The five years since the financial crisis have seen faith in democratic institutions fall to dangerously low levels, precisely at the moment when David Blunkett MP argues that we need politics (and politicians) more than ever. We must urgently address the question of how political life can be revitalised in a way which avoids the twin dangers of extremism and technocracy.
Few among us have been untouched by the major changes of the past five years. The crash that unfolded from 2008 saw jobs lost, an enormous rise in the cost of living, and economies retracting and failing across Europe (including our own).
It was in the United Kingdom that we could see most visibly both the problem for, and the failure of, traditional political action. The inability to save the rest of the economy from the shortcomings of both domestic and international banking would have been totally catastrophic. The failure was not the actions taken but, paradoxically, not explaining that this was one moment of our recent history where political democracy was in the ascendant, essential to saving us from those very unaccountable forces which exercise such overwhelming power.
But the last five years of political and economic turmoil has resulted in politics and politicians losing trust and confidence by the people on whose behalf action is taken.
Faith in democratic institutions has fallen to dangerously low levels, as demonstrated in the 2012 Audit of Political Engagement by the Hansard Society. Their survey revealed the proportion of the public who say they are ‘very’ or ‘fairly’ interested in politics has dropped by 16% and now stands at 42%, falling below 50% for the first time since the audits began.
This is problematic in two ways. First, a widespread disengagement with the political process aids extremist candidates. Demagogues will always seek to exploit those people frustrated by the mainstream parties who seem unresponsive to their concerns, but the success of George Galloway in Bradford West in March 2012 was a warning that we must not be complacent.
Second, it gives rise to ‘technocrats’. It could be described as nothing short of a coup in terms of what occurred in Greece, with the removal of the Prime Minister, and in Italy, with the removal of both the Prime Minister and the Cabinet.
Britain is not exempt from this growing trend. Peter Kellner, President of YouGov, tested in spring 2012 the proposition ‘Britain would be governed better if our politicians got out of the way, and instead our ministers were non-political experts who knew how to run large organisations’. Almost as many people agreed, 38%, as disagreed, 43%.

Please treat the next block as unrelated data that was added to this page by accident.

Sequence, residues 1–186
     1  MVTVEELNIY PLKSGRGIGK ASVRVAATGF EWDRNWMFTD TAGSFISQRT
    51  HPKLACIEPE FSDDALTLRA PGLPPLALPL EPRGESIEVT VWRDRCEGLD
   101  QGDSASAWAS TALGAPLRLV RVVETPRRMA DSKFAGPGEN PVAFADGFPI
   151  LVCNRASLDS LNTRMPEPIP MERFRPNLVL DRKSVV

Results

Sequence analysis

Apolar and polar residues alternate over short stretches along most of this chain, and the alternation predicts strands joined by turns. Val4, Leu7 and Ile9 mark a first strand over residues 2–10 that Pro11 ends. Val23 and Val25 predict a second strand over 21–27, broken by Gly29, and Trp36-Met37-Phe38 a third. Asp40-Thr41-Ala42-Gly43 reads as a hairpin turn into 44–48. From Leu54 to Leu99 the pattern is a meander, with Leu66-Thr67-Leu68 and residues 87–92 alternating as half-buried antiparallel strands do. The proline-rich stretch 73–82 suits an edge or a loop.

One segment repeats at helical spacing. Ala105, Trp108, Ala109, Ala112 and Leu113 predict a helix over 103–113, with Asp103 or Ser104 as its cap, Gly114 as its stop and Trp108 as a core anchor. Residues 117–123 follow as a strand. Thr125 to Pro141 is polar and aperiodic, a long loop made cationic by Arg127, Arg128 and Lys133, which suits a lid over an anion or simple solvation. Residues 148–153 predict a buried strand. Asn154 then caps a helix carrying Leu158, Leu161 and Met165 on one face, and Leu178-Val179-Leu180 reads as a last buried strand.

But it is at this moment we need politics and, dare I say it, politicians more than ever. Both to articulate the language of priorities, as described by Aneurin Bevan, but also to mediate and decide between contradictory demands from the public and short term pressures alongside long term imperatives. How much should we cut spending; do we need to raise taxes; how do we structure our health and education systems – making progress on these complex issues can be met only by elections, political engagement and democracy.
So how can politics can re-establish itself? The first step is to be honest with the public. Politicians’ habits of deceit and dissembling have exacted a terrible toll.
The next stage is to make politics relevant to ordinary people’s lives again. Arcane debates, like those about constitutional reform, are bound to alienate voters. The job is to show the political process can be a real tool for improvement, through challenging the might of the big institutions that have let down the public so badly.
Yes, politics will always be messy, as Bernard Crick taught me. But we should never allow it to become divorced from people’s lives. For that way leads to the death of democracy.
Politics as Theory and Politics as Practice, by David Blunkett MP is available to download online from Political Quarterly, Volume 83, Issue 4. In Defence of Politics Revisited, the full pamphlet by David Blunkett MP with a foreword by Ed Miliband MP, is available in full on his website.
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David Blunkett MP is Member of Parliament for Sheffield Brightside and Hillsborough. His political career dates back to his election as a councillor in Sheffield at the age of 22, his leadership of the Council in the 1980s, and his election to Parliament in 1987. After serving on the Shadow Cabinet, he became Education and Employment Secretary in 1997, Home Secretary in 2001, and Work and Pensions Secretary in 2005. Since leaving government, in addition to completing his diaries, “The Blunkett Tapes”, David has undertaken a series of major pieces of work. In September 2012 he published In Defence of Politics Revisited, where he set out a range of proposals to increase faith in, and improve the working of, democratic politics.